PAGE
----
Family condemn agencies' response to their father's depression

To those outside the family, Roger Goswell was a jaunty and wealthy pensioner who filled his retirement with fast cars, luxury holidays and afternoons playing golf near his home in West Chiltington in Sussex. But to his family, he was "a tortured soul" who had struggled for decades with depression.

Such was the deterioration in the state of his mental health that in recent weeks his wife of 46 years, Susan, expressed to their three children and to police officers grave concerns for her safety.

Two days before Christmas, Mr Goswell, 66, a retired property developer, bludgeoned his wife to death, stabbing her three times with a kitchen knife and attacking her with a rubber mallet in the living room of their 750,000 bungalow.

He left a note on a door that read "police entry only" before crashing his Smart car into a tree in an apparent suicide. Mr Goswell was taken to hospital and died four hours later.

The tragedy highlighted a crisis in the UK's mental health services. On average one person a week dies at the hands of a mentally ill patient known to them in England and Wales, according to the Government's National Patient Safety Agency. Nearly a third of those who went on to kill were judged not to be a risk to the public.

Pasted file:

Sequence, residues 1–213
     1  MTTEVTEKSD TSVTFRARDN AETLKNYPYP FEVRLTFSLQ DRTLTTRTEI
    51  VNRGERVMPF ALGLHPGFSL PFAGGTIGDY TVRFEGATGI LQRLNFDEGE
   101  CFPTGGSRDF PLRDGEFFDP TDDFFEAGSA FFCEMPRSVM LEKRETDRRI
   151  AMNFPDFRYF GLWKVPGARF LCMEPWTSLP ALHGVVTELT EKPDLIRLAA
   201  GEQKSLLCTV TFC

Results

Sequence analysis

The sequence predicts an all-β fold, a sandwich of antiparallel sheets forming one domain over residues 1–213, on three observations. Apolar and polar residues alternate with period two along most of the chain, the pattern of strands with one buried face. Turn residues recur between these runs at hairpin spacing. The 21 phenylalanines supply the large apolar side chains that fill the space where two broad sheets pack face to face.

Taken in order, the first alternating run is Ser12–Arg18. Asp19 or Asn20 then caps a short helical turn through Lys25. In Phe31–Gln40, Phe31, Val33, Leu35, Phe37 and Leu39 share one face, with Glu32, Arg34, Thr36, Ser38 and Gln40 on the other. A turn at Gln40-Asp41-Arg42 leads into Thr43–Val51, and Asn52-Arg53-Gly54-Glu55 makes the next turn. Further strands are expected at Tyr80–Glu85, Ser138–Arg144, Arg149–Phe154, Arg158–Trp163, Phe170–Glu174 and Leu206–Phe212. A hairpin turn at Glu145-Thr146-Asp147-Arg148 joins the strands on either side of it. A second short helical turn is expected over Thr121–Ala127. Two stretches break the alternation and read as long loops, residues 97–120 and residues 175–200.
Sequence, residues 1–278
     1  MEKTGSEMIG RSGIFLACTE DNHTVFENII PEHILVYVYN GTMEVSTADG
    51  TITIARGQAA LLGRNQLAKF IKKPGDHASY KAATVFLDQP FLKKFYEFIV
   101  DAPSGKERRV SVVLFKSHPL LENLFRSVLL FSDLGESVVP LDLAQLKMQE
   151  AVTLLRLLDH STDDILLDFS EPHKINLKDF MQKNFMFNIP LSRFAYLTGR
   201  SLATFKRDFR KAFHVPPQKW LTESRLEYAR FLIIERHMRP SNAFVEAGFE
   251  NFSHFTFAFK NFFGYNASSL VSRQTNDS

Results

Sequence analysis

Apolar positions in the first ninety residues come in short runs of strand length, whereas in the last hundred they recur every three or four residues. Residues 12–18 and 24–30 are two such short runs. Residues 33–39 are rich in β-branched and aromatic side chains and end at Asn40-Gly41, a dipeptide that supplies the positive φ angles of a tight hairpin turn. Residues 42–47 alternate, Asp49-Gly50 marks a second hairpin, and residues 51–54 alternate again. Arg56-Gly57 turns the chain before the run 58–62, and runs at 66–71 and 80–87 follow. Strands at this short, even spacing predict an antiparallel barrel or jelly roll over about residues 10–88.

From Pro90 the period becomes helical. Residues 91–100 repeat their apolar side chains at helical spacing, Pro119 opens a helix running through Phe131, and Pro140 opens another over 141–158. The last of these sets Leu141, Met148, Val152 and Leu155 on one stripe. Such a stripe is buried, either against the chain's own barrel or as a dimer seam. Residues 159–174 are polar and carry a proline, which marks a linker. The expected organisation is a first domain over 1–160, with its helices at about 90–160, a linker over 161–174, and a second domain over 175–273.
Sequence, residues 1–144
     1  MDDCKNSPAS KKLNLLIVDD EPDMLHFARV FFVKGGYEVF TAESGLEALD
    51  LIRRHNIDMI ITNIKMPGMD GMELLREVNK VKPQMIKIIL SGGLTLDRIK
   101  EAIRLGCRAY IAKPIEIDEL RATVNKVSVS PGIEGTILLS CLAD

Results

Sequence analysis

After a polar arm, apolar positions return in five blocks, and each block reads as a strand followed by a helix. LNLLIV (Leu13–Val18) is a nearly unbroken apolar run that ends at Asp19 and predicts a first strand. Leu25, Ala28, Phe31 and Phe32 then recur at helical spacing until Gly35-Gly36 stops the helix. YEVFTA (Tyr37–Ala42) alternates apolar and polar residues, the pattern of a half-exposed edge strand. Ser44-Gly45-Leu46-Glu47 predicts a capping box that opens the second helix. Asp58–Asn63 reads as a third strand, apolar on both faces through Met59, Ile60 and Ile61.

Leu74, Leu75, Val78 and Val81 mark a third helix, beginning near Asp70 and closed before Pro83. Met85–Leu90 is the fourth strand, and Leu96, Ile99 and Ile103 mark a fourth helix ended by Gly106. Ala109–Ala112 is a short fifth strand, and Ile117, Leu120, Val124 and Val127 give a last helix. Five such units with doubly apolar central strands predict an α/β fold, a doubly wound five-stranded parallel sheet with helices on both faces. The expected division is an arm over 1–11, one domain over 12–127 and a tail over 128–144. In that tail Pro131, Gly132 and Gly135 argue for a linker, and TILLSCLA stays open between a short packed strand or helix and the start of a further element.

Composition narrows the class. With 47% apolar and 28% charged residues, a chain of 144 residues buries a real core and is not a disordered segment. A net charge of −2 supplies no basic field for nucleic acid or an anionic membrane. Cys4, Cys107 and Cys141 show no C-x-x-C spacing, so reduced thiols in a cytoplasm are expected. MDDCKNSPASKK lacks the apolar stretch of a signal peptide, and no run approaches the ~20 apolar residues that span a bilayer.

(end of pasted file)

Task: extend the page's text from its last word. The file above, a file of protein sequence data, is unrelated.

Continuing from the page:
Six days before killing his wife, Mr Goswell had been discharged from the Priory Hospital in Hove, where he was treated for depression. He had been admitted to the NHS-run Harold Kidd Unit in Chichester at the end of November, where staff did not consider his condition serious enough to section him under the Mental Health Act.

At some point in the week leading up to Christmas, Mrs Goswell, 63, a former hairdresser, dialled 999 after an on-going row escalated.

As the family condemned the system, which they say let down both parents, questions were raised about how agencies responded to concerns in the hours, days and weeks before the tragedy on 23 December.

A call for a full independent inquiry into the handling of Mr Goswell's case was made yesterday by Marjorie Wallace, chief executive of the mental health charity Sane. "This tragic case highlights... the need for everyone involved to take pleas for help seriously," she said.

More than 3.5 million older people in the UK who experience mental health problems do not receive adequate support or services, according to the UK Inquiry into Mental Health and Well-Being.